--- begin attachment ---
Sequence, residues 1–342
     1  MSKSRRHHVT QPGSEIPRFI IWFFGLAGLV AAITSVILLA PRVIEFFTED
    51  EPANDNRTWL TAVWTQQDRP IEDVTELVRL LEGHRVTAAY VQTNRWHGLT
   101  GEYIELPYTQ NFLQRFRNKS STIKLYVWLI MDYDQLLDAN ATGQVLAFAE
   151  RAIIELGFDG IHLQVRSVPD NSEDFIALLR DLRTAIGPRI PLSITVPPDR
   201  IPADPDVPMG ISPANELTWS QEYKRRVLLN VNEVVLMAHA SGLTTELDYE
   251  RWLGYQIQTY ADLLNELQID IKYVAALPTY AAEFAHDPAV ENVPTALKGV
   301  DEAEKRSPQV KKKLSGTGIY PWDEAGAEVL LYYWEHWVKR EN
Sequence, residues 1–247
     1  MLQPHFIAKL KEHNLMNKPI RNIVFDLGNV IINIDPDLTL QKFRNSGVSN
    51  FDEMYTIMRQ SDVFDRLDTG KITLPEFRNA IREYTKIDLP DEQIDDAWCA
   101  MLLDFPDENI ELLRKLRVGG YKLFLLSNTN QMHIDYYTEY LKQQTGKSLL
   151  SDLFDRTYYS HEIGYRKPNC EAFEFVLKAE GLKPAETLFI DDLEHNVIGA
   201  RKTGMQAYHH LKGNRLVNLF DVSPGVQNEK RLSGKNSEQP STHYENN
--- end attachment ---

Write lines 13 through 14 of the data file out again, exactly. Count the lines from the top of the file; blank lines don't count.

   151  SDLFDRTYYS HEIGYRKPNC EAFEFVLKAE GLKPAETLFI DDLEHNVIGA
   201  RKTGMQAYHH LKGNRLVNLF DVSPGVQNEK RLSGKNSEQP STHYENN